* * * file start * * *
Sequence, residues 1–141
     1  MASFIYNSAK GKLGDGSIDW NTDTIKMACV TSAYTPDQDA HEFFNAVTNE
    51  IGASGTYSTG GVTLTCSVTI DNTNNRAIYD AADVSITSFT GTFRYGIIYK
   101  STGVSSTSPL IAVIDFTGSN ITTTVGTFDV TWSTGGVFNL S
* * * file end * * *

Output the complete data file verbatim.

Sequence, residues 1–141
     1  MASFIYNSAK GKLGDGSIDW NTDTIKMACV TSAYTPDQDA HEFFNAVTNE
    51  IGASGTYSTG GVTLTCSVTI DNTNNRAIYD AADVSITSFT GTFRYGIIYK
   101  STGVSSTSPL IAVIDFTGSN ITTTVGTFDV TWSTGGVFNL S